One day, walking on a beach along the Georgia coast, Don told the future governor that he would like to serve on the Game and Fish Commission, the forerunner to the Department of Natural Resources.
In time, Gov. Carter would appoint Don Carter to the DNR board, on which he would serve for 29 years under five governors.
In 2002, as he ended his service on the board, Don Carter was surprised with the announcement that a planned park on Lake Lanier would be named in his honor.
"I had no idea they would do that," said Carter. "They had a going away party down at Lake Lanier Islands and that was very moving. Then, at the very end Lonice Barrett got up and announced the naming of the park."
Barrett, at the time, was DNR commissioner.
But Carter was the one who brought the land on Browning Bridge Road to the attention of the state, which would eventually purchase the 1,000-acre site.
"The property was put up for sale," Carter said. "It was going to be developed and the local people fought it. I looked at it and thought it would make a great park."
The land was controlled by businessman Sanford Orkin, whose family started the pest control company that bears their name.
Carter had been asked to fly by helicopter with DNR Commissioner Joe Tanner to view the Smithgall Woods property in White County. On the way, he asked the pilot to fly over what would become the park site. Tanner asked to take a second look and agreed it would make a great location for a state park.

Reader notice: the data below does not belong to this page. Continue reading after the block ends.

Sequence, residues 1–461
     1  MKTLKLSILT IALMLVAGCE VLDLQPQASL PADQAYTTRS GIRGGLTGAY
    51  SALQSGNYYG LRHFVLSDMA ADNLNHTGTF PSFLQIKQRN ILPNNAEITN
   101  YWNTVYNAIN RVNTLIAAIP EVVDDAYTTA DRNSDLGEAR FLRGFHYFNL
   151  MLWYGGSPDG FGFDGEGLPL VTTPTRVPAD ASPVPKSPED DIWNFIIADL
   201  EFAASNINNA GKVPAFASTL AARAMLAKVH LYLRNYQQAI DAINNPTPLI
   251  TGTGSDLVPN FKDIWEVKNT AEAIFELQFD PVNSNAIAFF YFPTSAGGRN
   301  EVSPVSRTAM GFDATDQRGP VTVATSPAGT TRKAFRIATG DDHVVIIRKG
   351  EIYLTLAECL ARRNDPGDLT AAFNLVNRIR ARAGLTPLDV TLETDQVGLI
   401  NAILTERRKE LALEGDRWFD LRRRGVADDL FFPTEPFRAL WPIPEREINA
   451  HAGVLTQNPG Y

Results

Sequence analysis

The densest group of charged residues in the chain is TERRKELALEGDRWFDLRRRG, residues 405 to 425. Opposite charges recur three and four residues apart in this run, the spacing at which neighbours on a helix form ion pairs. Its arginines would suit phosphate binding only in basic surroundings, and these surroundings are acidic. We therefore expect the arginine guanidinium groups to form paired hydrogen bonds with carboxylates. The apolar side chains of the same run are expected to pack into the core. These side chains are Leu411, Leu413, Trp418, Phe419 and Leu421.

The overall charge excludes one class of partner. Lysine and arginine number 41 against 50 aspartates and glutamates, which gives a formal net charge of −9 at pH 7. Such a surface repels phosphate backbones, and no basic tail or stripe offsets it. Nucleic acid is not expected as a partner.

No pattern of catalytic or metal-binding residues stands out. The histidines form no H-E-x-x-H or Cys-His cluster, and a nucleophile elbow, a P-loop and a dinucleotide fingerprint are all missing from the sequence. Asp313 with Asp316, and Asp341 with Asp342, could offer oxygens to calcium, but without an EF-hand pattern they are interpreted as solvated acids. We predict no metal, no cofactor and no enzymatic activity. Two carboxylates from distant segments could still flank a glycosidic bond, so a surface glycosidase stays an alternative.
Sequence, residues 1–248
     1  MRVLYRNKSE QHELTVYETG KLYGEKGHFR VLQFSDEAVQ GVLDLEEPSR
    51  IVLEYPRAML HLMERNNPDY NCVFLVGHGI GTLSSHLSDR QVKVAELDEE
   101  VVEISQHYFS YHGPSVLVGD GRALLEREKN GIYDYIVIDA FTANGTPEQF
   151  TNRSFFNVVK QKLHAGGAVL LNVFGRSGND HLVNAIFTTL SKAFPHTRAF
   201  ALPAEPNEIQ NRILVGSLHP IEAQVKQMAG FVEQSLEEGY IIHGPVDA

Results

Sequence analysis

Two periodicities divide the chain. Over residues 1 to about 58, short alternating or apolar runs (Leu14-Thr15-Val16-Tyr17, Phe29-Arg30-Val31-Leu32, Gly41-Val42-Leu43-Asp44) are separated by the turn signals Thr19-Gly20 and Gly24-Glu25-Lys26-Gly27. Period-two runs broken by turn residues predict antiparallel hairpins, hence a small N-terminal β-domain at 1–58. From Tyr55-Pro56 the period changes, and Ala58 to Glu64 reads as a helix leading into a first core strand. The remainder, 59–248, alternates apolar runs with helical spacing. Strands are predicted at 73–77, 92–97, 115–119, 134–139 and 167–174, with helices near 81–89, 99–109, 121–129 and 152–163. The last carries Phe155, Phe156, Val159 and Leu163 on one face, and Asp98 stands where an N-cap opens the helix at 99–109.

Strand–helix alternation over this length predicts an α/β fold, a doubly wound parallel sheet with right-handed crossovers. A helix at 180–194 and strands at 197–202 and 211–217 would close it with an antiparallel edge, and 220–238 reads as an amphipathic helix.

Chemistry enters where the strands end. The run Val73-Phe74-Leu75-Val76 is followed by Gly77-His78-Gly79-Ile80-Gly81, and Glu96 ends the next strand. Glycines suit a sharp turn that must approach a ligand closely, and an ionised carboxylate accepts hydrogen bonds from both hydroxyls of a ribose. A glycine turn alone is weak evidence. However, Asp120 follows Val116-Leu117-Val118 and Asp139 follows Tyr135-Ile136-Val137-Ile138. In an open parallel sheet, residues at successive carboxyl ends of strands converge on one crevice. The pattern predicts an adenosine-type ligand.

The purchase was made, but tight state budgets kept the state from further development of the park.
The 1,000-acre park is rich with mature hardwood trees that create a lush canopy throughout the tract. The park has more than two miles of shoreline on Lake Lanier.
"I want it to be a rustic park," Carter said. "I wouldn't want to see a golf course or a lodge there. It's big enough that you could have all sorts of things there."
Carter said he would like to see the park used for hiking, fishing and camping.
Gainesville businessman James A. "Jim" Walters, who was appointed to the board first by Gov. Roy Barnes and reappointed by Gov. Sonny Perdue, has spearheaded the effort to obtain funds for the park.
"We've been troubled with budget constraints and the park has not been at the top of the list, but we've pushed and since Casey (Cagle) was elected lieutenant governor we now have another ally."
Walters, whose current term ends in 2009, said he would like to see the project advance to the construction phase before he leaves the board.
"This area needs access to a park like this," Walter said. "Hopefully, it could be the gateway to green access to a number of parks like this."
Carter, 76, said he, too, would like to see his namesake park come to fruition.
"I don't think I deserve this, but now that I've got it I'm not going to do away with it," Carter said. "It doesn't look like I'm going to live forever and this is my legacy for 29 years of service."